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John Scalzi’s “Old Man’s War”

Cover image, John Scalzi’s “Old Man’s War”

In science fiction, I have my specific interests, such as steampunk and alternate history. I didn’t pay attention to annual awards until the “Sad Puppies” controversy* concerning the politicization of the Hugos arose in 2013. I heard about Scalzi due to his feud with right-wing sci-fi/fantasy author Vox Day regarding this movement. I’ve read several of Day’s works and promised myself that I’d also read some of Scalzi’s as well. I recently got Scalzi’s Hugo-nominated novel Old Man’s War (published in 2005 by Tor Books) in audiobook form.

Old Man’s War has one of the most engaging opening lines I’ve seen in a while. “On my 75th birthday, I went to visit my wife’s grave and then I joined the Army.” After that really strong start, it coasts for a while as we catch up with protagonist John Perry’s situation. Around the fifth chapter, the action begins to pick up.

The book has an interesting premise which is reminiscent of Robert Heinlein. In the far future where the Colonial Defense Forces (CDF) protect human colonies in far-flung star systems. Earthers can join up, but not until their 75th birthday, at which time they’re given a top-secret rejuvenation treatment and bound to 10 years of military service. They’re then declared legally dead on Earth and banned from ever returning. Since communication with the colonies is quite limited it’s a mystery to potential recruits, but the promise of renewed youth is a powerful incentive to enlist.

As I said, the story takes a while to get going. The first part is moderately engaging, though I found myself getting impatient for the action to start. Scalzi is good at description and brings forth some interesting technological ideas. My biggest issue was with his snarky attempts at humor, most of which fell flat for me. Not to be too harsh on him; I realize that humor’s a personal thing. I know from experience that comedy is challenging to write.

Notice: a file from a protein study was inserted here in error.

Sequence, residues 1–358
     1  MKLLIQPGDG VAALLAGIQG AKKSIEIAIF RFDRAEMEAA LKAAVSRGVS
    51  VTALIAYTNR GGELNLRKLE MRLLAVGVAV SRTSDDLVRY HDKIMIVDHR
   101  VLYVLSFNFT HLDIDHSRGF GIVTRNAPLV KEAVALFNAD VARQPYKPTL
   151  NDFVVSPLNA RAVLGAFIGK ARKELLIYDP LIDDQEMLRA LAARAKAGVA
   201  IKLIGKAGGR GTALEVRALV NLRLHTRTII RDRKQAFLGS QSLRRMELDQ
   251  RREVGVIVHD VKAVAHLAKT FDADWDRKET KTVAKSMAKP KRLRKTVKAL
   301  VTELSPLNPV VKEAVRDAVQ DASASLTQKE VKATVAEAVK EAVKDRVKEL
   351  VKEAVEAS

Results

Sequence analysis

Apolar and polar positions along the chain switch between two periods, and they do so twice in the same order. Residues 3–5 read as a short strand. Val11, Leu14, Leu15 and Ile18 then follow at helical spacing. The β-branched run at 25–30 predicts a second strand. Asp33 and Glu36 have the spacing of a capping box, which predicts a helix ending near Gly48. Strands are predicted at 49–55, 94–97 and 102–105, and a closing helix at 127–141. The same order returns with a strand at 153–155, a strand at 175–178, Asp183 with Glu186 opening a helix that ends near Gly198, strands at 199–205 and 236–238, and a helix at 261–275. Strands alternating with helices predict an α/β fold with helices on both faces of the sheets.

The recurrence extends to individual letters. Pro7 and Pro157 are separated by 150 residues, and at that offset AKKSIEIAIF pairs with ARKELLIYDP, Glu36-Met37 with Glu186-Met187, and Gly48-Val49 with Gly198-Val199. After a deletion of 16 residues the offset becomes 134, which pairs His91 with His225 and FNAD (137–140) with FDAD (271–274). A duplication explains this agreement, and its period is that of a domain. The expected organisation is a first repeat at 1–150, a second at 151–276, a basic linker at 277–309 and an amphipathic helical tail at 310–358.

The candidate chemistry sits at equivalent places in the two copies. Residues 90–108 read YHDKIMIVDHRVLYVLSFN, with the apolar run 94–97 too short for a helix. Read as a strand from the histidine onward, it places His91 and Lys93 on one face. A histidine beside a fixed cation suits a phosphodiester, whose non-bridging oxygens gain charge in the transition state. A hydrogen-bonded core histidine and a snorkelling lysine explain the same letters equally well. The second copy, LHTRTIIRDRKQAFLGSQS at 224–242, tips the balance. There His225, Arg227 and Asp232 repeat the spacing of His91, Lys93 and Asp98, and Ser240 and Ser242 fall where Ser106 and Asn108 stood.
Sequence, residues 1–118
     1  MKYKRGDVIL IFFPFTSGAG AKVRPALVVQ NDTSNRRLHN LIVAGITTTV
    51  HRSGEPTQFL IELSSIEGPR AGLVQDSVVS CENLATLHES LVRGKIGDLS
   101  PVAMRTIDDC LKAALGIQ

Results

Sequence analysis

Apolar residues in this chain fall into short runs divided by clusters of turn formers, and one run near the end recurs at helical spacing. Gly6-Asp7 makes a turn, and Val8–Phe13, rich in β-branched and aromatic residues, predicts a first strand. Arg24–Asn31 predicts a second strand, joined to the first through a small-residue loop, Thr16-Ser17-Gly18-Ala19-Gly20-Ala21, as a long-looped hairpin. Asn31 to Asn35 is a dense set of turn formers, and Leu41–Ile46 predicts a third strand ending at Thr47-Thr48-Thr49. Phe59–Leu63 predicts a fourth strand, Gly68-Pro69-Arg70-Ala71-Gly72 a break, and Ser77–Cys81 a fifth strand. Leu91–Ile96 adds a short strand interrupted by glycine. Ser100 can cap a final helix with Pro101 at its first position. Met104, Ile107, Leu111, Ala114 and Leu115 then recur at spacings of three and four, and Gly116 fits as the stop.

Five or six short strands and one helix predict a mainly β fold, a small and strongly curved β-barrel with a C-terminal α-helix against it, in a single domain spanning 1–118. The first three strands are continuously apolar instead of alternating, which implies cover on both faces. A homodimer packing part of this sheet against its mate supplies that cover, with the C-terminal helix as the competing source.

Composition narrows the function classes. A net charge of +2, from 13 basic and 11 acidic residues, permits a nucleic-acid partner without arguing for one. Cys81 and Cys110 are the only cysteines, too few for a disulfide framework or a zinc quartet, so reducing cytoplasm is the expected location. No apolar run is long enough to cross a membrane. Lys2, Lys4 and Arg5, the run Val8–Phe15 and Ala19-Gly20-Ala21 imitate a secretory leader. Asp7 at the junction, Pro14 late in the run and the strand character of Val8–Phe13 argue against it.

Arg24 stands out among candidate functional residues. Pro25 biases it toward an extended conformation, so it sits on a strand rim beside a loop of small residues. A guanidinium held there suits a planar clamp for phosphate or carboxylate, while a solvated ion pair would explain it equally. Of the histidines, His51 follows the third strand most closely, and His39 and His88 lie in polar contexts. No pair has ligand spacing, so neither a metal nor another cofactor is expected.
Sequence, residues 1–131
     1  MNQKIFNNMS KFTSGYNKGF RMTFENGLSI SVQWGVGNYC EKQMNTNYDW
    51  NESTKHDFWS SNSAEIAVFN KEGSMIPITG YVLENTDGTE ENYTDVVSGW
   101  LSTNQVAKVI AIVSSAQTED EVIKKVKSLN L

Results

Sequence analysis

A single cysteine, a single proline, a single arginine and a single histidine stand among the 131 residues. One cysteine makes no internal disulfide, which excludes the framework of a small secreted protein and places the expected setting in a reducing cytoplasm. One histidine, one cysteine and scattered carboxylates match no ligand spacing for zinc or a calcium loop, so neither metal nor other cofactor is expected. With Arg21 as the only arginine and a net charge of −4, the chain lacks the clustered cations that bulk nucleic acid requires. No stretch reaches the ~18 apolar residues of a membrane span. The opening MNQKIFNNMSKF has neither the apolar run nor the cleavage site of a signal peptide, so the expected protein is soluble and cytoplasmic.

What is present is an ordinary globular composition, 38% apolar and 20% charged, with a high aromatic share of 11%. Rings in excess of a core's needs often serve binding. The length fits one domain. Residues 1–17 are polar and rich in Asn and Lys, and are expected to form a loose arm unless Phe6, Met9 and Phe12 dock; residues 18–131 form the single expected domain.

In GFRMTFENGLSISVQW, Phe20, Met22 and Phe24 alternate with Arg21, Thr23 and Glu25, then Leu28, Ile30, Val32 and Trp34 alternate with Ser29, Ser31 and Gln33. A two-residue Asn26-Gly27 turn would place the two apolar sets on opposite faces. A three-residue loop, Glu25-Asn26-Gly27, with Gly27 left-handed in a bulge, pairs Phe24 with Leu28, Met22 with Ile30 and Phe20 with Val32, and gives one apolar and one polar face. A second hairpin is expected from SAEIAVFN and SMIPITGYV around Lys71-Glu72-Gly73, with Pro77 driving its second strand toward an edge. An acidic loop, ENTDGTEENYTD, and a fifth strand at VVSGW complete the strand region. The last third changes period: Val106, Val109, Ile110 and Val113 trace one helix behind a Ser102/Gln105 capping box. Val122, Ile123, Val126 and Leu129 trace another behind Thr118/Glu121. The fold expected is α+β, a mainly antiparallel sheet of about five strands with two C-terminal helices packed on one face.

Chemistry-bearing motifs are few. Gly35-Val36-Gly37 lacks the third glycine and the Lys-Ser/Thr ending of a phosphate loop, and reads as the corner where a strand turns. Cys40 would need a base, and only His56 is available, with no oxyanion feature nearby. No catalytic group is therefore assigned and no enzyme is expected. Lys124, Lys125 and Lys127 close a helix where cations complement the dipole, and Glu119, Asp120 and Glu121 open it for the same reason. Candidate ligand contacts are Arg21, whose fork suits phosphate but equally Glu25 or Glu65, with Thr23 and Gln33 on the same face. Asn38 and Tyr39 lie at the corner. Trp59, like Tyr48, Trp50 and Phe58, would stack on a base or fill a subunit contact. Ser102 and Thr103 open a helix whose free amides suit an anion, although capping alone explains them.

When John and his newly young compatriots enter basic training, the story becomes more interesting, starting with a drill sergeant who acknowledges he’s a stereotype and acts accordingly. The recruits’ new bodies are quasi-clones of the originals with major improvements in strength and endurance. John discovers that the survival rate for these soldiers is abysmal, because the alien enemies the humans face are, for the most part, ruthless and unpredictable. He sees his comrades perish one by one as they face one bizarre alien race after another. Here Scalzi’s humor actually made me laugh now and then, particularly in the scene where the humans battle a Liliputian enemy by stepping on their soldiers.

This next bit may be a bit of a spoiler: Well into the story we discover that when a recruit dies before enlistment, the CDF does not discard their premade clone. Instead, they gave these unused clones synthetic personalities and use them for special operations. John suspects that his wife Kathy (who had pledged to enlist before her untimely death) may live on as another person. It’s a nice idea, but John’s romantic obsessions make the tone a bit too sentimental from there on out.

Because of the Day-Scalzi feud, I want to comment on the book’s politics. Scalzi was one of many writers who denounced Donald Trump and those of us who voted for him. Day, a Trump supporter, mocked Scalzi as a Social-Justice soy-boy type. In my view, Scalzi is a moderate who succumbed to social pressure to join in on the “Orange Man Bad” hysteria. The tone of Old Man’s War is pro-military, despite the protagonist’s reservations about the appropriate use of military power. I’d also like to note that in the CDF, combat troops are dominated by men, a realistic aspect I strongly support. No doubt the Current Year’s climate of rabid feminism would demand there be 50% females in the trenches.

To sum up, Old Man’s War is an interesting military sci-fi novel with a great premise and uneven pacing. It suffers from frequent attempts at humor, few of which were to my taste. However, it is quite engaging if you make it to Chapter Five. I give the book a rating of 3.5 out of 5 gears.

* Note: Wikipedia article’s on the Sad Puppies campaign is quite biased, calling it an anti-diversity campaign. Not true; the Puppies were never opposed to authors of color and the group included women. It was actually a pro-diversity campaign opposing the systemic bias against conservative and libertarian authors.

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